This travel course covers aspects of geology and biology that have particular application in Iceland: volcanism, glaciation, renewable energy and environmental hazards. We also explore life on this island of environmental extremes: the adaptations that native and introduced plant and animal species have acquired to survive, as well as the unique genetics of those that live on this island (humans included!). The course meets weekly during the spring semester, and shortly after Commencement we will go to Iceland, traveling the Ring Road all around the country, seeing glaciers, volcanoes, waterfalls, black sand beaches, geothermal power plants, hot springs, puffins, seals, and lots more. A focus of the course concerns reforestation – we will be planting trees for the Icelandic Forest Service, and learning about Iceland’s efforts to combat global climate change. We stay in International Hostels (some of which have their very own geothermal hot tubs), do some of our own cooking and also experience Icelandic cuisine, and get to visit some fairly remote and beautiful regions. Come with us to the land of fire and ice!
This course fulfills four credits of Science/Math for General Education. Financial aid can be used to cover travel costs (anticipated to be approximately $2300; this covers airfare, accommodations, transportation and meals). We anticipate that we will travel to Iceland the day after Commencement, and return about nine days later.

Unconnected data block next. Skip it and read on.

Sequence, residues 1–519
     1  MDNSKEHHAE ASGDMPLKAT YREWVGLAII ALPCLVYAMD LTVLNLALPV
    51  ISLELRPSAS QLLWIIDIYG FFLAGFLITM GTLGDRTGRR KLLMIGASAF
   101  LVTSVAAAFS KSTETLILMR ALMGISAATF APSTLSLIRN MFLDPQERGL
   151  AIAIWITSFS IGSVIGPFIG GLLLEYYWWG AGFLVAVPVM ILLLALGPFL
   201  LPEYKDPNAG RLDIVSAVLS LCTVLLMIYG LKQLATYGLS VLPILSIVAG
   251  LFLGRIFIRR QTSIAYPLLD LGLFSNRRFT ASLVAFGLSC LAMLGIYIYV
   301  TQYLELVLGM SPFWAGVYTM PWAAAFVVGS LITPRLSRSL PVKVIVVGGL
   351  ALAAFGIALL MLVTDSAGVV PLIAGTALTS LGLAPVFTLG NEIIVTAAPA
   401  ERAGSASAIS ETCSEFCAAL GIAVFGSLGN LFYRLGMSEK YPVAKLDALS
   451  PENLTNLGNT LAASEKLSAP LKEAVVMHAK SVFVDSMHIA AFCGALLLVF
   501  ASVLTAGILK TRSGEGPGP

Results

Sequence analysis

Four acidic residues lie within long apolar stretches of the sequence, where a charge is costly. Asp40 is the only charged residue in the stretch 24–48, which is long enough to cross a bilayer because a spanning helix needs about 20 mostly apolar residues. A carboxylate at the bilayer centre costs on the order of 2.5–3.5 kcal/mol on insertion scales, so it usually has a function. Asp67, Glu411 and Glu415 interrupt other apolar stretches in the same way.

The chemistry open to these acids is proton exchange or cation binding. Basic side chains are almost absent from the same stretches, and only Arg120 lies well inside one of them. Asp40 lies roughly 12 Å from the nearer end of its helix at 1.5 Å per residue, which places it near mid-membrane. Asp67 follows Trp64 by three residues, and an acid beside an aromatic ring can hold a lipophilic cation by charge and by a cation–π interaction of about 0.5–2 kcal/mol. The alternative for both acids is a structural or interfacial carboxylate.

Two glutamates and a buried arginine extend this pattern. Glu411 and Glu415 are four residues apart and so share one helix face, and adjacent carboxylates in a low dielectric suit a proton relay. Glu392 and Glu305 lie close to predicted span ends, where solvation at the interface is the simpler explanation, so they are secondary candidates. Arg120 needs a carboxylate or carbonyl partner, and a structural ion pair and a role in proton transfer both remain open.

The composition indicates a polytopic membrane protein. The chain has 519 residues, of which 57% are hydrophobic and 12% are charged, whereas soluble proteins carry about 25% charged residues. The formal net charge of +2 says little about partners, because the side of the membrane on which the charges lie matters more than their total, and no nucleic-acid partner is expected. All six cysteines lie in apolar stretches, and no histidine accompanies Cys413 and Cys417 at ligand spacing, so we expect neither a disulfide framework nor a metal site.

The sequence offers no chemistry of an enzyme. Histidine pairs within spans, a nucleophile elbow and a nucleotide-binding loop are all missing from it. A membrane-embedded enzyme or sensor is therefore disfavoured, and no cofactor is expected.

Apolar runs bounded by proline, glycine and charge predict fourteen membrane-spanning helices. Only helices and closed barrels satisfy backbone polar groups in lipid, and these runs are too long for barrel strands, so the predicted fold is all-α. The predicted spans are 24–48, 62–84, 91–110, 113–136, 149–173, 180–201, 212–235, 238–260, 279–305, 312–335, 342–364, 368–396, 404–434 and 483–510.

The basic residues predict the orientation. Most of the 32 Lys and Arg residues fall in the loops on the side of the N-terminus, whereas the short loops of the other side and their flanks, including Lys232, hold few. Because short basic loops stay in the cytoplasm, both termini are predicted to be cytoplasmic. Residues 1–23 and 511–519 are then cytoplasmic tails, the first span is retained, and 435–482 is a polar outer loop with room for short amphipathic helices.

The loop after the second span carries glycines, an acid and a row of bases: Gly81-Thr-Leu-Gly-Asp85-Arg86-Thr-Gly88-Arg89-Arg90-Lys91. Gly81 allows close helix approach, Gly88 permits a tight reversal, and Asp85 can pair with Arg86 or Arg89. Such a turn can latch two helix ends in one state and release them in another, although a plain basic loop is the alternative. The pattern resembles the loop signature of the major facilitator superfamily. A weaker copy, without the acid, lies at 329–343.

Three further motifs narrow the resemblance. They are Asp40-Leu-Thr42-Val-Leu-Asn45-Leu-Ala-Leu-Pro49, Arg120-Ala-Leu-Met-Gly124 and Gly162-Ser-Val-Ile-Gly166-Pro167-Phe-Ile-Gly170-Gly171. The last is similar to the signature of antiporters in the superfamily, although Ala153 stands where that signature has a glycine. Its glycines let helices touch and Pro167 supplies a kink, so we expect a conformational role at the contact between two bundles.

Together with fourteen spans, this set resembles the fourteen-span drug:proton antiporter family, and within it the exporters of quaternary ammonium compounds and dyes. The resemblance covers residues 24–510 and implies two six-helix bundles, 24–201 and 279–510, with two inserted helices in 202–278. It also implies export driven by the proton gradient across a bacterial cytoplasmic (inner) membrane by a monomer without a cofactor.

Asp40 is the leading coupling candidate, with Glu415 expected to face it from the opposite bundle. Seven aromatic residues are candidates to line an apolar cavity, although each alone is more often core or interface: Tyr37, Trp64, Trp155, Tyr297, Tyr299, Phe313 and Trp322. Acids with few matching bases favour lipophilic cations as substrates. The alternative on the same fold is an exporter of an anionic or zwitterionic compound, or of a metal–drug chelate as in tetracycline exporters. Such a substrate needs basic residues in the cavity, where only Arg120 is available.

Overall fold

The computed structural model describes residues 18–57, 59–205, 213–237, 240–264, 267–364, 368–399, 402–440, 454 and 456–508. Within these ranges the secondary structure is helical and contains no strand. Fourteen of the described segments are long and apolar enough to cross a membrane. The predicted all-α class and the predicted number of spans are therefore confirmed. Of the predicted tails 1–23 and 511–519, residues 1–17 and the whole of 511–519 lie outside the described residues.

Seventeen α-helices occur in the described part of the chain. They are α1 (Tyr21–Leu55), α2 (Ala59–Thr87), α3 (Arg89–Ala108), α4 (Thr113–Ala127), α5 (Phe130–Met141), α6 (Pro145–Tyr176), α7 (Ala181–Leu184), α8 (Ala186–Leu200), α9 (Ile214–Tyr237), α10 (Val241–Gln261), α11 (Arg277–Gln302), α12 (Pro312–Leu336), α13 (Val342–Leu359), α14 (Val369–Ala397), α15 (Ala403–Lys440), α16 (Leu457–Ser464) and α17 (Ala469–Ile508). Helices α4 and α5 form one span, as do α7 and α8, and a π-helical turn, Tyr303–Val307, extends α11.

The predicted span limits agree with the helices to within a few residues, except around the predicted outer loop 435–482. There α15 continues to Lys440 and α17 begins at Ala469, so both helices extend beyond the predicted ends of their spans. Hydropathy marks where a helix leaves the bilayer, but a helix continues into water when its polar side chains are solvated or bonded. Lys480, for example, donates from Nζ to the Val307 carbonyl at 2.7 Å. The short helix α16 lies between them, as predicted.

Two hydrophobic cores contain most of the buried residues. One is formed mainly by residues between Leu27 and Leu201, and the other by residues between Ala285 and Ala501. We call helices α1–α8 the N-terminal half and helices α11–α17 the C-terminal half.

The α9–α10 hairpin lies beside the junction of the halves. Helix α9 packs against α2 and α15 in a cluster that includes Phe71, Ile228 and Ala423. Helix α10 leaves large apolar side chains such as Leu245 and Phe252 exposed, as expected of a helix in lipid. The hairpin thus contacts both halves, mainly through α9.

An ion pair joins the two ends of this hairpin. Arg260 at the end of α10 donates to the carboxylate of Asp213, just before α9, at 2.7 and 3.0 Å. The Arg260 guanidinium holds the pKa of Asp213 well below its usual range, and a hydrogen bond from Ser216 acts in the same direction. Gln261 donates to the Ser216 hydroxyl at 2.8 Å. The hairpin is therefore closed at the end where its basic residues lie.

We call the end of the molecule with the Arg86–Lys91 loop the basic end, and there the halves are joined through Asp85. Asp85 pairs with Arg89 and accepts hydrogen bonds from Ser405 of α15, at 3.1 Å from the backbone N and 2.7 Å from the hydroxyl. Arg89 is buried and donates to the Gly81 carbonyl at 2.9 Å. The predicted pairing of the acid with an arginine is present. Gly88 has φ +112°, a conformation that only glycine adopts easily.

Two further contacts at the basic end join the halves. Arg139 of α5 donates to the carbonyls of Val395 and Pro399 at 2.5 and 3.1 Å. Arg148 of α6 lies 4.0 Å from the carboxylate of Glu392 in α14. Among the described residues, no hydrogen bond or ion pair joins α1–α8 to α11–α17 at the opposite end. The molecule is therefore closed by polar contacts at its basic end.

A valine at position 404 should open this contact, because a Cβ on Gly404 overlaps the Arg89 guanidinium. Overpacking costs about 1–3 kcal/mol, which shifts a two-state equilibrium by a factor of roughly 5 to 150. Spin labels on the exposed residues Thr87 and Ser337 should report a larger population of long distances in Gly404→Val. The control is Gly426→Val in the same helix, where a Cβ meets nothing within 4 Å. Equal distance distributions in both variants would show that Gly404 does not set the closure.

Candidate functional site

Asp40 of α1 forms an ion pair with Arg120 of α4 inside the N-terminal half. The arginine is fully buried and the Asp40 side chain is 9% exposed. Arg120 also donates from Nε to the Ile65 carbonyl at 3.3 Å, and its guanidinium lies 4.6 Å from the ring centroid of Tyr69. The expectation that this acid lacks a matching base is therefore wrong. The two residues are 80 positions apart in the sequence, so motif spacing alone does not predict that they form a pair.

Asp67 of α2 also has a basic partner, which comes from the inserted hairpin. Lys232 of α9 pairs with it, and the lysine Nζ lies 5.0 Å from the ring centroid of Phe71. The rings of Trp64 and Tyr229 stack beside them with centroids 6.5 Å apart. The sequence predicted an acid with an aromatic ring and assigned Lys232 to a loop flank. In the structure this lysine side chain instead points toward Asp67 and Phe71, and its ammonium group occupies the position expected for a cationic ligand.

Castleton’s Semester in the American Southwest provides a hands-on, multicultural experience in a unique and fascinating region of the United States. Few places within the U.S. borders offer such a rich opportunity for the study of ancient and contemporary Native American cultures, the arts, anthropology, and the natural environment.
Deserts contain diverse, fascinating, and unique life forms. The open desert landscapes result in outstanding exposure allowing for the study of ancient and modern geological processes and features including volcanoes, sand dunes, and dry lakes. Natural History of the Mojave explores biological and geological aspects of the Mojave Desert in California. Topics include the biogeography of plant species, plant and animal adaptations to desert climates and habitats, and the geological forces that shape and maintain those habitats. The course includes a field trip to primitive areas of the Mojave Desert where hiking on rugged terrain is required. The field trip occurs in the week following commencement and the laboratory fee covers all travel, food, and lodging costs (expected to be between $1000 and $1500).